In the majority of cases, access should continue amidst COVID-19

While Ontarians continue to observe social distancing measures and take extra precautions to reduce the spread of COVID-19, many parents are considering whether this should include keeping their children home from access with the other parent. The Ontario courts have affirmed that in the majority of cases, parents should continue to follow custody and access arrangements that are currently in place.

The presumption is that existing parenting arrangements and schedules should continue to be observed in the majority of cases and that minor adjustments or accommodations to such plans can be made where necessary to address safety concerns. For example, parents can adjust exchange locations or make alternative transportation plans. The message from the courts is clear: the health and safety of the children is a priority, but so are family relationships.

In troubling and uncertain times such as these, maintaining a sense of normalcy is important. Justice Alex Pazaratz, in a decision providing some guidance for families on what the courts will expect with respect to access during the pandemic, wrote that “Children’s lives — and vitally important family relationships — cannot be placed ‘on hold’ indefinitely without risking serious emotional harm and upset. In troubling and disorienting times, children need the love, guidance and emotional support of both parents, now more than ever.”

While concern for the wellbeing of a child is paramount, a general concern over COVID-19 is not a sufficient basis to refuse access. The message from the court is to be reasonable and to act in good faith. Parents who are experiencing COVID-19 symptoms, or who may have been exposed to the virus and are under self-isolation or quarantine measures should postpone any planned access in order to ensure there is no risk that the virus will be passed to the child. Conversely, parents who are seeking to withhold access need to be able to point to a specific reason, and cannot just rely on the presence of the pandemic generally. A general concern or wish that children remain in the custodial parent’s household is not enough.

Even in such instances where physical access is not safe, other measures ought to be taken to ensure that parents have an opportunity to communicate and spend time with their children. This could mean scheduling phone calls, video calls, or utilizing other means of remote communication. In the words of Justice Pazaratz, no matter how difficult the challenge, for the sake of the child, we have to find ways to maintain important parental relationships, and above all, we have to find ways to do it safely. It is important to remember that at the end of the day none of us have ever experienced anything quite like this, and we are all going to have to try a little bit harder for the sake of our children.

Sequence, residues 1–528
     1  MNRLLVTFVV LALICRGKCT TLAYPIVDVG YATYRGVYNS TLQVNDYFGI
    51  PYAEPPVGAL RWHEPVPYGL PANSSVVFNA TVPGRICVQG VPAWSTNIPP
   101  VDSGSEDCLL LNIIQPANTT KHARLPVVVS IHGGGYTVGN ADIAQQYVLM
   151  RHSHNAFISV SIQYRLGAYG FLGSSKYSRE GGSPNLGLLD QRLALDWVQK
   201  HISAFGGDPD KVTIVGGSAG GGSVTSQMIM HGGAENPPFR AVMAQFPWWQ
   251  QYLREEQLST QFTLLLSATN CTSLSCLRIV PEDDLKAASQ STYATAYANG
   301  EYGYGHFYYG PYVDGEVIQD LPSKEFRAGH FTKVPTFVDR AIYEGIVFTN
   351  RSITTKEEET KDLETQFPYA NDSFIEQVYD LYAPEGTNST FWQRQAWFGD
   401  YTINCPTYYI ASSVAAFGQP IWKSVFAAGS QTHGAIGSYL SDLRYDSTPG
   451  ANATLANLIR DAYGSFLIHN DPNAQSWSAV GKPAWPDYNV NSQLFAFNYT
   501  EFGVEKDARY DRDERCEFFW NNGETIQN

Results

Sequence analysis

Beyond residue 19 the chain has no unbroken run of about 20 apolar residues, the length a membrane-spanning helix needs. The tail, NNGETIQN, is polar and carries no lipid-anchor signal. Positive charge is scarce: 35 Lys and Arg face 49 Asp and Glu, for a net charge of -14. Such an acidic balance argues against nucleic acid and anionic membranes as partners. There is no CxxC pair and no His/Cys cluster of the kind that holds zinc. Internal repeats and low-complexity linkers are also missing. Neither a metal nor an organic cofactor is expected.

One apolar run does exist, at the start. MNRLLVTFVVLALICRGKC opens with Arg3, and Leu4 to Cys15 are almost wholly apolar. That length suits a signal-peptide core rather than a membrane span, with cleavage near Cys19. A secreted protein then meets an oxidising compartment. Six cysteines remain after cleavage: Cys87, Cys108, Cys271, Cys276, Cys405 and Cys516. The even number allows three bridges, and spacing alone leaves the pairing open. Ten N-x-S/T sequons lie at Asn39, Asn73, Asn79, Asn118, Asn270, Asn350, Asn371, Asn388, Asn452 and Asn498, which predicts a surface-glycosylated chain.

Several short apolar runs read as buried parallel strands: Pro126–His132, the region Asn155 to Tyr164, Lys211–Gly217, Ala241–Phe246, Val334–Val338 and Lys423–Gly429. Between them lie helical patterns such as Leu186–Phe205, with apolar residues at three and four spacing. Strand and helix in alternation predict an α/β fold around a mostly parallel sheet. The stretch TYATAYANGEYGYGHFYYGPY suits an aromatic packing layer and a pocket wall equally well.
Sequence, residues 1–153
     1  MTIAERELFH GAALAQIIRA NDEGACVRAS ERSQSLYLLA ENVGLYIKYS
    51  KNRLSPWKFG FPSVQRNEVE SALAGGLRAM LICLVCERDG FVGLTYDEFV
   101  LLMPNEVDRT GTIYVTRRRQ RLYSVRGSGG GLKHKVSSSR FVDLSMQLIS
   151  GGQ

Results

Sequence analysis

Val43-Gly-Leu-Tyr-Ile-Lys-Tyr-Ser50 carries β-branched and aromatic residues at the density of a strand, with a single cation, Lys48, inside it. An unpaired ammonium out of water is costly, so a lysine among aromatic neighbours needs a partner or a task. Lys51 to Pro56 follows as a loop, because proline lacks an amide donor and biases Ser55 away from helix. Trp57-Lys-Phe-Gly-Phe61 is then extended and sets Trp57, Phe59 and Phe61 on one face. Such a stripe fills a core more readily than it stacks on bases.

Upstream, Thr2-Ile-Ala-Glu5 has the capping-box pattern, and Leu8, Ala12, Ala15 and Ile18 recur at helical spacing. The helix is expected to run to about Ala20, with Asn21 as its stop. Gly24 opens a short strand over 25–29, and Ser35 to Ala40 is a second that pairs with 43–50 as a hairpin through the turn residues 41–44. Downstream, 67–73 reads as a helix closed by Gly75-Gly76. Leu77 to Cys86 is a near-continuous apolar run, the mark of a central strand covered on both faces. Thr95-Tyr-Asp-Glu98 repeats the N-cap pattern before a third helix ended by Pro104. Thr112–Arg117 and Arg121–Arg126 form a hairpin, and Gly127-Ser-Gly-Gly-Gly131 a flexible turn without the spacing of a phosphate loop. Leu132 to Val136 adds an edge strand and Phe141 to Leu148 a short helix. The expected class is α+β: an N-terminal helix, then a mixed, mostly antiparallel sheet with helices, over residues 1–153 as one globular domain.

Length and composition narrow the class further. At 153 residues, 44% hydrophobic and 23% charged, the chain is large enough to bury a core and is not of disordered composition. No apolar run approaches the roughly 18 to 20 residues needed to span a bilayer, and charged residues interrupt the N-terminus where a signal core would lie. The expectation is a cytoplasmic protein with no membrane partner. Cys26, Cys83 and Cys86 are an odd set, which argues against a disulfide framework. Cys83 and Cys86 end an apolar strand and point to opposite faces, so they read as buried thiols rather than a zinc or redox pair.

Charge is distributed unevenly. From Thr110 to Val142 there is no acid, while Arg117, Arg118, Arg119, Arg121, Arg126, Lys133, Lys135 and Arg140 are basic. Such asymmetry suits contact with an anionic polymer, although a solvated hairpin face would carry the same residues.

Court Availability Limited to Urgent Matters

While the Courts have suspended most operations in an effort to reduce the spread of COVID-19, they are still open to hear and address urgent matters. In the context of child access, it is not enough that there is an ongoing pandemic in order for a motion relating to access to be considered “urgent”. In order for a matter to be meet the threshold of being considered “urgent” it must meet the following guidelines:

  1. The parent initiating an urgent motion on this topic will be required to provide specific evidence or examples of behavior or plans by the other parent which are inconsistent with COVID-19 protocols. 
  2. The parent responding to such an urgent motion will be required to provide specific and absolute reassurance that COVID-19 safety measures will be meticulously adhered to – including social distancing; use of disinfectants; compliance with public safety directives; etc. 
  3. Both parents will be required to provide very specific and realistic time-sharing proposals that fully address all COVID-19 considerations, in a child-focused manner.

The court has held that there will be zero tolerance for any parent who fails to abide by COVID-19 protocols and recklessly exposes a child, or members of the child’s household, to any risk related to the virus. Conversely, the court has also held that any breaches of custody orders which are not substantiated by legitimate fears for the child’s wellbeing will also be noted and dealt with once the courts resume normal operations.


As parents and children navigate the ever-changing landscape of protocols and recommendations aimed at combating the spread of COVID-19, the one certainty that remains is the need to maintain strong parental and strong familial relationships. Finding ways to maintain those connections, while observing best practices to stay safe and healthy, will ensure that children are not deprived of essential relationships. 

Disputes over child access are inherently difficult and only made more so in light of calls for social distancing and self-isolation. If you are experiencing issues or concerns related to the health and safety of your child, or about your parental access rights, then contact our family law department today for more advice.